I retired far too late, but far before the party was over. 10am panel on Monday, after all. Fie upon responsibility.


Is Science Fiction the New Reality?
Star Trek offers a vision of the future that includes personal, networked communicators, talking, intelligent computers, and the tricorder, a portable, hand-held networked computing device. Today we have cellphones, IBM's Watson,and the iPad. Are we already living in the science-fiction future? What does this mean for writers of speculative fiction?

My answer: yes. There, we're done! :) In all seriousness, though, great and far-ranging panel moderated well by ktempest, and if you have ever wondered whether it's fun to politely and firmly disagree with James Frenkel, I tell you now that it is. Also I got to do that thing that makes people go ooooh, where people *koffFRENKELkoff* ramble on about a thing for five minutes and I sum it up in five words. I am succinct. I'm not even any taller than I need to be, y0.

And then? Then I hugged a lot of people, and packed, and nommed Corn Chex in the hotel room (if cannot pack, eat), and lingered in the lobby, and I caught the airport shuttle with too-seldom-seen jnanacandra, rachel_swirsky and her partner, Ay-Leen the Peacemaker and Lucretia Dearfour, and - say it with me - many more! I parted ways with jnanacandra at MSN, but got to hang out with the others until the flight to MKE, and stayed with Ay-Leen and Lucretia until my 7:00 flight to BOS. The Wiscon party does not stop until everyone's on separate flights, y'all.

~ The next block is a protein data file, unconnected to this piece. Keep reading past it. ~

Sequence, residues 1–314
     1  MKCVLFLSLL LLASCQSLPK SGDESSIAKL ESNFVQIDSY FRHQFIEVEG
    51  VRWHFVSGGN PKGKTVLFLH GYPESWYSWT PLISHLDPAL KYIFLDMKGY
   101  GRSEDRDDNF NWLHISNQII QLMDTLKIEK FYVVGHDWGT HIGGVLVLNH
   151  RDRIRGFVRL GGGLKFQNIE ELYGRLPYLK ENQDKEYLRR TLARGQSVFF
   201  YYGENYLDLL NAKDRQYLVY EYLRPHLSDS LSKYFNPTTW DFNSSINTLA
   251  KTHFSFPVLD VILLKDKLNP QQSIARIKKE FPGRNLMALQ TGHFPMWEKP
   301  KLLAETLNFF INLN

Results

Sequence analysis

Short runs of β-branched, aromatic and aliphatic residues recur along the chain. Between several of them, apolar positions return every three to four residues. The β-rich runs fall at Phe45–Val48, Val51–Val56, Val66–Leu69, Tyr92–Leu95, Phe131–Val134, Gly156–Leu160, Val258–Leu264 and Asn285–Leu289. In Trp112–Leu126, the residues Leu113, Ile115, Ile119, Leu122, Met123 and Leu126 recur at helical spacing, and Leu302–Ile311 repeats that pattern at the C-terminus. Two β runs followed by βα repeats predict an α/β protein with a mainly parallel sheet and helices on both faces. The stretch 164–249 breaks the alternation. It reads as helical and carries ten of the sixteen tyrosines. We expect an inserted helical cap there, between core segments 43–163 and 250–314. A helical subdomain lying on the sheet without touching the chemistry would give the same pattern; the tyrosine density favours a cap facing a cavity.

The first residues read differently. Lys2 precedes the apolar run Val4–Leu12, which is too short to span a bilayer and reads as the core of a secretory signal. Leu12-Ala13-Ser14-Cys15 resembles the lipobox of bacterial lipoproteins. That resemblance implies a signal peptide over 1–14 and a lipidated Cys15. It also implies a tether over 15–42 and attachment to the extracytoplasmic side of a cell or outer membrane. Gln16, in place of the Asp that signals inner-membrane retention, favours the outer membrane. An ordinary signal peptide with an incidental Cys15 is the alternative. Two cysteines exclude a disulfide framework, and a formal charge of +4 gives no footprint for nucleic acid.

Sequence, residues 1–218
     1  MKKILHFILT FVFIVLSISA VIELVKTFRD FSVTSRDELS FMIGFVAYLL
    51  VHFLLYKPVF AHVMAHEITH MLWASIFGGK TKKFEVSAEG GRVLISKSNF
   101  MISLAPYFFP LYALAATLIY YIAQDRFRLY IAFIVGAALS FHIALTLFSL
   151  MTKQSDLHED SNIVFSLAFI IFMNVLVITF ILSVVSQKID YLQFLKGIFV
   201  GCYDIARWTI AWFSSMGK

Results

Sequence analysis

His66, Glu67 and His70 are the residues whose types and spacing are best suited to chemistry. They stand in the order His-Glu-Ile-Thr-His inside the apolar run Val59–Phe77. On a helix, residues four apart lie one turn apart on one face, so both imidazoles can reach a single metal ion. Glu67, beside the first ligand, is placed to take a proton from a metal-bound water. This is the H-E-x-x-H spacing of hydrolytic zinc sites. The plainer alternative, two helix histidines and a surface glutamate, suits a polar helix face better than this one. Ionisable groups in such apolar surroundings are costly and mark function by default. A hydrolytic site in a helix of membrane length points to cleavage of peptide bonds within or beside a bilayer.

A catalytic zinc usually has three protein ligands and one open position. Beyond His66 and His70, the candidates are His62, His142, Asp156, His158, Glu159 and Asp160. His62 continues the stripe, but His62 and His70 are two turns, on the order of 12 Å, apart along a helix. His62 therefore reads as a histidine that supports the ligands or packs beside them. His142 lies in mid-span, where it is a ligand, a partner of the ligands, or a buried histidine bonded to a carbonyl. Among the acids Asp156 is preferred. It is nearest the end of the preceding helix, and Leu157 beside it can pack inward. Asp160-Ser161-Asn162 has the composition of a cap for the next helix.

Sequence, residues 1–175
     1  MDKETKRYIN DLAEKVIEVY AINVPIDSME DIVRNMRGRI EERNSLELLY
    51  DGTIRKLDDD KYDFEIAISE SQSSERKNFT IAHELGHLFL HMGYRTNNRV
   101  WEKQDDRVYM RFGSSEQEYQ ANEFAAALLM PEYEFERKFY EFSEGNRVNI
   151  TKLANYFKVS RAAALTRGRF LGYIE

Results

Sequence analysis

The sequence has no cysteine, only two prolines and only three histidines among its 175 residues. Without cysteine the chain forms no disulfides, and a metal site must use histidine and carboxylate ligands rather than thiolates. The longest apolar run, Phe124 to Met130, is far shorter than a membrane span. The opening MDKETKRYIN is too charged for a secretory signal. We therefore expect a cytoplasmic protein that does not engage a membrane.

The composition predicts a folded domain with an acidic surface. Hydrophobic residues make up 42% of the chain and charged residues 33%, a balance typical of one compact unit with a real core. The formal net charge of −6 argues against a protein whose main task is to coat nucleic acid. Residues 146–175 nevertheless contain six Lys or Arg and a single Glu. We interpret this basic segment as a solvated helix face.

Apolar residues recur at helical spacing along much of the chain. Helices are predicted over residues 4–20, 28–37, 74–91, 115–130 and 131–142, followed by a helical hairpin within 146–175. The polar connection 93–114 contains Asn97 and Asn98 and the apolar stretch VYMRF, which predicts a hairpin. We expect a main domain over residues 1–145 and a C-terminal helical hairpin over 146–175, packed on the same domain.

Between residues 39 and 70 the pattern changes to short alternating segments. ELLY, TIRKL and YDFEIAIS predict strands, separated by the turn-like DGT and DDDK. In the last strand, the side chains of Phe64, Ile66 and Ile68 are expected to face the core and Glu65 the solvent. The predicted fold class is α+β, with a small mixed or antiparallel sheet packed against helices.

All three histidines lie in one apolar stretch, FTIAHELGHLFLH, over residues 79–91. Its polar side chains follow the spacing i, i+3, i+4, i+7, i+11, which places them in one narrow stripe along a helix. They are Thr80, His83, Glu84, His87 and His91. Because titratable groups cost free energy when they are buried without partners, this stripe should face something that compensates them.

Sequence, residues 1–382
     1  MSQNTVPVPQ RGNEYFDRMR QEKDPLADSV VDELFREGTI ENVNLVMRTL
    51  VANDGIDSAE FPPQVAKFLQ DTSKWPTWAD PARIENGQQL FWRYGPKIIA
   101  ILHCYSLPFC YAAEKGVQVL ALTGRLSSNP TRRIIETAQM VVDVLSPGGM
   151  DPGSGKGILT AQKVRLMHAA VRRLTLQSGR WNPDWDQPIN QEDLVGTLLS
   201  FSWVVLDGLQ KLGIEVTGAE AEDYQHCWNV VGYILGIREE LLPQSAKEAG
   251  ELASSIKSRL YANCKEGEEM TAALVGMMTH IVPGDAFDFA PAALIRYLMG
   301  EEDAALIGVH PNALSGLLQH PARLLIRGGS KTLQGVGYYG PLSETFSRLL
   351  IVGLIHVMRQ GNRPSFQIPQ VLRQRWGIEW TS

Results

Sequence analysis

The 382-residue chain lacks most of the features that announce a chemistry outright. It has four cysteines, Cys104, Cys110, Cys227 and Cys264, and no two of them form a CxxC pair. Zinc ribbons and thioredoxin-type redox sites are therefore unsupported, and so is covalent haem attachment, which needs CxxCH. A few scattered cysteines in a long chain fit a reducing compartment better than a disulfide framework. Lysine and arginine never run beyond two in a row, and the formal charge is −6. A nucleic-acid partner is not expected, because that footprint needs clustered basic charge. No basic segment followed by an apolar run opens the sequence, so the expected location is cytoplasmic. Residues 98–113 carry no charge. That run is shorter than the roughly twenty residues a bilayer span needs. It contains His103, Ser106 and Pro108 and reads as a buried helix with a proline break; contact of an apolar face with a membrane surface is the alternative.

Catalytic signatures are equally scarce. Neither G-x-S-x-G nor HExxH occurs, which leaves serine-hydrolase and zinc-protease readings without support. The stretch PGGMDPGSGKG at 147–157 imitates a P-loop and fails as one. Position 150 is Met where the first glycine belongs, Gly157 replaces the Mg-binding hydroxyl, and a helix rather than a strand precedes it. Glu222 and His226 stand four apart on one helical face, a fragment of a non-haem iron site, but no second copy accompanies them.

I knitted, I napped, I listened to my new mix CDs from pattytempleton; I got home 'round midnight. And then Wiscon was over.

Until next year. When it will be EVEN BETTER.

If I did not mention you, it's not because I didn't have an awesome time with you! It's just my brain is overfull. You are all fantastic and I adore the lot of you, so there, and I cannot wait to see you again.
Welcome home

king solomon's mines/exit 75/i'm still alive

(This is a tiny offshoot of "The Angel of Fremont Street" and "Fortune", posted because, well. Today is today. Also, just this week I think I've come to know what the third and hypothetically last story in this cycle is.)

Her friends have learned to leave her alone on this day, this anniversary, when she makes a sort of pilgrimage to her point of origin. She walks where her progenitor walked. She stands where she stood. She looks out at the empty lot, out toward where she went, and feels hollow - like the girl was ripped out of her, and not the other way around.

But this year, Hal's suddenly blocking her. He stands on the corner, right beneath the street light, pack slung over one shoulder and a grin on his face, and he reaches a hand out to her. Come with me, he says.

She shakes her head. No. It's - today is -

I know what today is.

I have to do this.

No, he says, voice and eyes soft. You don't. And I have something to show you.

She studies him. Her most constant friend, before and after they were discarded.

She takes his hand, and he grins.